Responding to desperate need

winship logical watsonMyeloma specialist Sagar Lonial with Winship myeloma nurse Melanie Watson.


Day 4: Winship Cancer Institute

The woman with the Caribbean cadence in her speech appeared again and again at Winship's front desk, each time asking for Melanie Watson, the nurse in the multiple myeloma clinic.

She wanted Winship to get a medical visa for her brother, Jacques Bonnell, who lived in Haiti. When told that Emory would see him once he arrived but could do no more without records, she always began weeping.

Then, somehow, months later, she appeared with her brother. True to Watson's word, Winship saw him immediately. Blood tests confirmed the diagnosis. Multiple myeloma cells were crowding out healthy blood-forming cells in his bone marrow. The thin, drawn man in his mid-30s was exhausted from frequent infections, nausea, and bone pain.

A cancer of the plasma cells, multiple myeloma can't be cured. But the right medical care, provided at the right time, can relieve symptoms and slow its progress. Sagar Lonial and his colleagues at Winship see more than 1,600 multiple myeloma patients every year, following many for years. They knew this man, as sick as he was, had a chance for remission. There was no discussion of how the family would pay for the care.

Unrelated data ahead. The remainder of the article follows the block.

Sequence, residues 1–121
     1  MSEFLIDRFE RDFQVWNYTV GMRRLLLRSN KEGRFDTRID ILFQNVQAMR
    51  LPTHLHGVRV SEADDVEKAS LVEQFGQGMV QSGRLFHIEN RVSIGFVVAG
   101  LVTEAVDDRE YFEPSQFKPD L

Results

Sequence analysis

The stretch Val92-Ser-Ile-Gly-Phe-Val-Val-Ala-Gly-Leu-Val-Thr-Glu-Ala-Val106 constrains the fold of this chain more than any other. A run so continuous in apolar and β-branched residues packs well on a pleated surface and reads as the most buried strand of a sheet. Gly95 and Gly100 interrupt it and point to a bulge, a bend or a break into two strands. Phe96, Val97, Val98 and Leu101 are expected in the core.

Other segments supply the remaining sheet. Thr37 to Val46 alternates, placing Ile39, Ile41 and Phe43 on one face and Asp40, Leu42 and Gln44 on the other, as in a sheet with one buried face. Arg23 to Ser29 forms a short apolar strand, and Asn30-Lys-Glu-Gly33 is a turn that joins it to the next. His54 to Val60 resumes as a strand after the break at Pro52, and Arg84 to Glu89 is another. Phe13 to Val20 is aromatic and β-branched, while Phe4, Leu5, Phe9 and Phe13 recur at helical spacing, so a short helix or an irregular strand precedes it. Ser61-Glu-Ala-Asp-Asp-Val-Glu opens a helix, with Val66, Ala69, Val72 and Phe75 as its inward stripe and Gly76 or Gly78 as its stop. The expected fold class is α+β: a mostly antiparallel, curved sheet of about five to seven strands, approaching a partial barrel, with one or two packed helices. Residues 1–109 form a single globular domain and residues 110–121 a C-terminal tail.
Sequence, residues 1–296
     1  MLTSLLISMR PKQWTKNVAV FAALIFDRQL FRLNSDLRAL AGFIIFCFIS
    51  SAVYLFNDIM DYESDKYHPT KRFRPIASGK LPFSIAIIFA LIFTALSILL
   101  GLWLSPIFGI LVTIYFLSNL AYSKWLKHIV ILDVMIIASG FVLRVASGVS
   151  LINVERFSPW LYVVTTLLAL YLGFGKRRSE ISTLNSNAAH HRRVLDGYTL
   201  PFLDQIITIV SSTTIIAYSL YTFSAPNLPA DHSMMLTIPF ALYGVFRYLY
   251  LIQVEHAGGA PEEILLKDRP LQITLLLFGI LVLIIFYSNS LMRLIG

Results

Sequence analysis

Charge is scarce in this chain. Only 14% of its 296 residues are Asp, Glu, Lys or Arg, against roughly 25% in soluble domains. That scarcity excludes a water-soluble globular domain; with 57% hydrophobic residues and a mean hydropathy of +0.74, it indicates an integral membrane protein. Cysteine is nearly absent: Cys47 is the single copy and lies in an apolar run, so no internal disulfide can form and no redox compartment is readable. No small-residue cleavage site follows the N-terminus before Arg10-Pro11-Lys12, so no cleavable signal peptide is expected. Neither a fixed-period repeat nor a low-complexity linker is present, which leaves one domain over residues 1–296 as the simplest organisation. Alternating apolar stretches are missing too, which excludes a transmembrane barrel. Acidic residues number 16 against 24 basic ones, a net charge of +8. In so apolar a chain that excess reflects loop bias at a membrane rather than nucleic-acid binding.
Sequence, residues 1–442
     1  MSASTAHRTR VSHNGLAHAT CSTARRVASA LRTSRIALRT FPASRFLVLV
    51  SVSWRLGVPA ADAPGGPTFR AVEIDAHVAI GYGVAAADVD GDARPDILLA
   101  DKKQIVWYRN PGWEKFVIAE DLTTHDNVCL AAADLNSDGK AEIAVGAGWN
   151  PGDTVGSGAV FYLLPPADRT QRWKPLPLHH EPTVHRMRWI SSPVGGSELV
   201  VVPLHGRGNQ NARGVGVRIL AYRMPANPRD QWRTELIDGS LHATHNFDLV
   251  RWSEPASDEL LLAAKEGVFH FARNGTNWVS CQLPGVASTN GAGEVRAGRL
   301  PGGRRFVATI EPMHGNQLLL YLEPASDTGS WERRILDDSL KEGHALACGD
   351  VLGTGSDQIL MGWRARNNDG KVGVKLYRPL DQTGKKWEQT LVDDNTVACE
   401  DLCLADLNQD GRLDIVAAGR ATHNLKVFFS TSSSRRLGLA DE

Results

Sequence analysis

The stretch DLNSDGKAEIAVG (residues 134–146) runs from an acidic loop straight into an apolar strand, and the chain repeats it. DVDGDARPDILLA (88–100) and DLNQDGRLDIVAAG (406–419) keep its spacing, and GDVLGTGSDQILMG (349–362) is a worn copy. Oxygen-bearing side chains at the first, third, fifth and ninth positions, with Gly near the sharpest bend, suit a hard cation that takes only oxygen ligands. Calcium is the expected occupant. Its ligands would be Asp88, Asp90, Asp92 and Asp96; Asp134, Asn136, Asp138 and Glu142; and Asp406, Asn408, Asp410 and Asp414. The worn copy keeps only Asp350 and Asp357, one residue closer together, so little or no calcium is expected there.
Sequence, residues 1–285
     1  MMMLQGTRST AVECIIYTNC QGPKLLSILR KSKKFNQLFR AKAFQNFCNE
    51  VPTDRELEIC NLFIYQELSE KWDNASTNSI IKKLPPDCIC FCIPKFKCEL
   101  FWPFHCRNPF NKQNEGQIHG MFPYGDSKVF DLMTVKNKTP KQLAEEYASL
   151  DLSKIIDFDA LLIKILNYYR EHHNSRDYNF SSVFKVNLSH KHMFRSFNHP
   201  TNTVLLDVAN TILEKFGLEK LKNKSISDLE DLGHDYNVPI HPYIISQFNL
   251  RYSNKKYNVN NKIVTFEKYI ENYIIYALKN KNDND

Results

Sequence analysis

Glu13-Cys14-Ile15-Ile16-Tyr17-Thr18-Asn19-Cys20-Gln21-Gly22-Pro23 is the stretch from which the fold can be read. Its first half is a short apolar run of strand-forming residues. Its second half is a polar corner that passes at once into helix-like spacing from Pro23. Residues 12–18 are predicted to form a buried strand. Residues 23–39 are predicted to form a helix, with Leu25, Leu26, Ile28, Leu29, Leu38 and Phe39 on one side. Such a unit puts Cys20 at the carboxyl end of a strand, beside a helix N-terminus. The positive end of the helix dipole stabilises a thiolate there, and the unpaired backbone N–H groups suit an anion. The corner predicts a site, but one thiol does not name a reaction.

sagar lonial melanie watson

Because the disease was so advanced, Lonial decided the best option was a stem cell transplant.

Because the disease was so advanced, Lonial decided the best option was a stem cell transplant. Bonnell's own stem cells would be removed from his blood and returned after high doses of chemotherapy had killed his cancer cells.

The transplant worked to decrease the myeloma cells, but the man faced other problems, likely caused by treatment received before coming to the states: congestive heart failure, spinal fracture, and kidney failure necessitating dialysis. Time and time again, he returned to Emory's ICU, sometimes for weeks. Although a pharmaceutical company provides his medicines, Winship so far has absorbed more than $1 million in other costs for care.

Despite what they've been through, says Watson, Bonnell and his sister's determination and courage have never failed. They continue to radiate joy and gratitude for the care he has received from Winship.


The distraught woman knew it would take a miracle to help her brother, whose cancer had advanced beyond any care available in Haiti.